Everyone in your faction wants the same thing. In the first hours people were happily sending gold off to strangers in their faction to help buy a territory or accomplish other goals – everyone wins so there’s no reason not to – and there’s lots in the game to foster that cooperation.

This action gets the server factions actually working together and fighting each other as intended. This is what Warhammer Online did so well that I’m hoping will see similar success here.

Having said all that… I’ve gotten to level 28 without a single bit of PvP and I’ve still loved every moment. I’ve completed quests I actually enjoy (because they are mostly combat oriented, often breaking camps), the first dungeon is no worse than any other first dungeon I’ve been in, the PvE rewards are great, the levelling is extremely varied and you can change things up as you go along.

There’s also a lot of polish here that is going unnoticed me thinks. This game looks and feels very good.

It sounds amazing. Walking through a canyon near a town you’ll see people working on harvesting all the surrounding resources, but you’ll also hear them. You can hear combat over the hill you’re climbing before you get there. You can actually use sound in the context of PvP here the way you can in Overwatch or an fps.

If Amazon turns on a cash shop in this environment like Archeage did, then this will tank immediately. I don’t think Amazon really wants to try and nickel and dime their new audience… I’ve always suspected they are using New World as a way to cultivate a much larger gaming userbase they can market to over the coming years. Not sure they even care if they make money yet.

The other game this feels like to me is SWG.

The open ended crafting, the ease and simplicity of the crafting, the need for crafting… all feel very similar to SWG except for things like the extractors we used, etc.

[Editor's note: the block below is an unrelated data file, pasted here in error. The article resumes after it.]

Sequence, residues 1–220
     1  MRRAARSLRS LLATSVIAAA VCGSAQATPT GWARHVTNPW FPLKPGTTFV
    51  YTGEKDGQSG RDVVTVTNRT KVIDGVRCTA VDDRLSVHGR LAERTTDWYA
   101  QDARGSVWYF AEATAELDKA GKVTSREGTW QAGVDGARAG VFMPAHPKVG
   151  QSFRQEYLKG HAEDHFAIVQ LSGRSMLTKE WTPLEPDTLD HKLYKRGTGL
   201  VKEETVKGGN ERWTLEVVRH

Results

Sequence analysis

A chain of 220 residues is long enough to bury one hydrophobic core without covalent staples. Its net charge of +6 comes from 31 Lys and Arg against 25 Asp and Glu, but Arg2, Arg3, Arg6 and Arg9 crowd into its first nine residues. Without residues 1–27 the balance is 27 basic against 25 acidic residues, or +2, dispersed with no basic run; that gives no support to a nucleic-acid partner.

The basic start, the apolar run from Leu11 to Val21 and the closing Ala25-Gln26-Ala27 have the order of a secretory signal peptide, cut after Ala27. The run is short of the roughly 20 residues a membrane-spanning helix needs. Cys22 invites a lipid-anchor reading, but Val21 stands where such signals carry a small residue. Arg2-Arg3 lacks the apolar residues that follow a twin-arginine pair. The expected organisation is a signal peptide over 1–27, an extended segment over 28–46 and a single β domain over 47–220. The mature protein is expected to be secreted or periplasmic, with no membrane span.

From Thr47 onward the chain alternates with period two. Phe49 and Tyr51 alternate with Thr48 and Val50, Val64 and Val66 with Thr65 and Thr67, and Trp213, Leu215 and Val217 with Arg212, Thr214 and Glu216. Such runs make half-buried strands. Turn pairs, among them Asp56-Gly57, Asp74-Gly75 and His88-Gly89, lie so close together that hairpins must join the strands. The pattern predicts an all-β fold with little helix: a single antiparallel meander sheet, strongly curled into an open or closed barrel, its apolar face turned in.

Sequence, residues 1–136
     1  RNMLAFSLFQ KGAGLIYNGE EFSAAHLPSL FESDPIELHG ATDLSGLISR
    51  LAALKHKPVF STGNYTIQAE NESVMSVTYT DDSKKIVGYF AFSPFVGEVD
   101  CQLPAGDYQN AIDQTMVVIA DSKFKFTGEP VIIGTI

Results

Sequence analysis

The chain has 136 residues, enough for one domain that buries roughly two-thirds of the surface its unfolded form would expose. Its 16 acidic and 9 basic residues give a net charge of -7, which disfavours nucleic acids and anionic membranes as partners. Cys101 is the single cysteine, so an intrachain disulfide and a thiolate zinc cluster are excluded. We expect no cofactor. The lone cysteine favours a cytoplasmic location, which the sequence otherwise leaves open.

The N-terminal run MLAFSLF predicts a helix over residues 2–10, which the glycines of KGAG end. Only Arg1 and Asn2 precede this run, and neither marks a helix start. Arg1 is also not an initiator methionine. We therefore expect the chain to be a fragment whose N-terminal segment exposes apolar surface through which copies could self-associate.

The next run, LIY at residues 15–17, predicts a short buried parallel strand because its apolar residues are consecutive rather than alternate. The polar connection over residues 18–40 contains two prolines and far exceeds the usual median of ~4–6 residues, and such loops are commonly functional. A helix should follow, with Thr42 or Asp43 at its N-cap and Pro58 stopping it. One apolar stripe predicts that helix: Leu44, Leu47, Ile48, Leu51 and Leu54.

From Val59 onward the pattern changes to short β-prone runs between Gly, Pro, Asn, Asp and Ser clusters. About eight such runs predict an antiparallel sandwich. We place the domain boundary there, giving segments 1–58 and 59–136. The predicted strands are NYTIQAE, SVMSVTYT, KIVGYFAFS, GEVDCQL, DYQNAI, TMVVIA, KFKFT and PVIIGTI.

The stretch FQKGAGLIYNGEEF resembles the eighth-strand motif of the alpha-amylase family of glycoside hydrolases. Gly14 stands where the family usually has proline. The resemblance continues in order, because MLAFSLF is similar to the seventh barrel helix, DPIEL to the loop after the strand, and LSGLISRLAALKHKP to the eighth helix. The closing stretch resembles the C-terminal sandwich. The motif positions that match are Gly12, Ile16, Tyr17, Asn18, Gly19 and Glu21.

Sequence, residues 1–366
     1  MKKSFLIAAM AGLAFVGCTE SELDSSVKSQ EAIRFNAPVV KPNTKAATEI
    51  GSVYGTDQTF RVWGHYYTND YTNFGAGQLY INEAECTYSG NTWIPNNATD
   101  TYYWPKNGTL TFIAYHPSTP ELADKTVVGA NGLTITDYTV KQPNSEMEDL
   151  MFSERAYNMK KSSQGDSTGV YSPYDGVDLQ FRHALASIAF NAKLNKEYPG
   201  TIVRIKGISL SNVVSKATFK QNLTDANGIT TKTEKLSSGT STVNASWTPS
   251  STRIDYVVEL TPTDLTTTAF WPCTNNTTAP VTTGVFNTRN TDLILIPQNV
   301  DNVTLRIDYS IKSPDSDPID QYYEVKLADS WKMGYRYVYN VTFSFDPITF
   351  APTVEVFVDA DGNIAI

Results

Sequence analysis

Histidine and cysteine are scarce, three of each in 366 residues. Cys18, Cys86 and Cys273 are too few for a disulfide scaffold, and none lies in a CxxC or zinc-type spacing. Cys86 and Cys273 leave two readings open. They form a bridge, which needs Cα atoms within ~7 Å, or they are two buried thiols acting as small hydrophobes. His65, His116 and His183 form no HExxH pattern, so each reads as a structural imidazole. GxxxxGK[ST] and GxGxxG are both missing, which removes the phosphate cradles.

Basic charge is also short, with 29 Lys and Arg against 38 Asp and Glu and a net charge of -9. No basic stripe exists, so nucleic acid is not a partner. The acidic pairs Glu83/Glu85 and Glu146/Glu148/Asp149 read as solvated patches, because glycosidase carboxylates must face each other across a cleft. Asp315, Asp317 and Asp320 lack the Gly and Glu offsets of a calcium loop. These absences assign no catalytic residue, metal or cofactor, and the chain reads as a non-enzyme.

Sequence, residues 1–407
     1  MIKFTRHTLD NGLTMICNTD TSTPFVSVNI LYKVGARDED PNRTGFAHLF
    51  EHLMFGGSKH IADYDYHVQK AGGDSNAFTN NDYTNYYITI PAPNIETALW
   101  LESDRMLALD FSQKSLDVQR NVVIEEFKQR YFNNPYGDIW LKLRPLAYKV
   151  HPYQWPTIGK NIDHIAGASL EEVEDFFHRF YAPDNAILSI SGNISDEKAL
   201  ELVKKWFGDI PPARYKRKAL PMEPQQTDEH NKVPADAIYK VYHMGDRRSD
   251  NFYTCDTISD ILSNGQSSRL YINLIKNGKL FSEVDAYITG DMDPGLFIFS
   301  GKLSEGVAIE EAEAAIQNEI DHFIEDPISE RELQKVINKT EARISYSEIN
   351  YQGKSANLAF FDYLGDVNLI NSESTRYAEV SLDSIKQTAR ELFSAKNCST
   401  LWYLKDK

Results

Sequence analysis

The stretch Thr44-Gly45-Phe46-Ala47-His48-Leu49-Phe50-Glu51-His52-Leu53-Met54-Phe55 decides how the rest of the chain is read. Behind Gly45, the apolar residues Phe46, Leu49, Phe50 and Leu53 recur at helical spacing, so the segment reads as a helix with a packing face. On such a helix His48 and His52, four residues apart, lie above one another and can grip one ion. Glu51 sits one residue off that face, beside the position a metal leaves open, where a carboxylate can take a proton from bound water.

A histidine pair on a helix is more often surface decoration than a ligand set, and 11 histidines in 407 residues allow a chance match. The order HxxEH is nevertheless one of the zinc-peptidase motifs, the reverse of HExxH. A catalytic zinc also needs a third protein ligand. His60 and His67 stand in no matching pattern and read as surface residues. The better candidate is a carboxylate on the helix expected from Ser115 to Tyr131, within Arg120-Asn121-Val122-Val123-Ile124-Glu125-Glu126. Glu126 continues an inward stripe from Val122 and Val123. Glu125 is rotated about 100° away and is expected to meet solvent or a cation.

But the constant PvP struggles happening all around, the territory claims and intrigue this sets up… all similar feels to SWG and Archeage.

I can see why people think the combat is weird, buggy, etc (and it is still rough for sure), but there’s a bit of twitch going on here with some real accuracy required when clicked that I actually really enjoy. You even have to skill shot some heals, and skill shots really pay off in this game.

I see a rudimentary combat system that is rough around the edges but is a good platform they can build on, not something that needs a complete rethink.

I think the combat is really quite fun and I know a lot of players agree.

I think this has some real legs (completely the opposite of what I expected), especially knowing the deep pockets behind it. That they did what they did in the last two years is evidence they can not only produce that kind of money, they have no trouble spending it.

If you’re an RvR fan of any description, I have to imagine this game is a “must play” for you. Warhammer Online, DAoC, SWG, if you liked the WvW/RvR nature of those games you’ll probably dig this.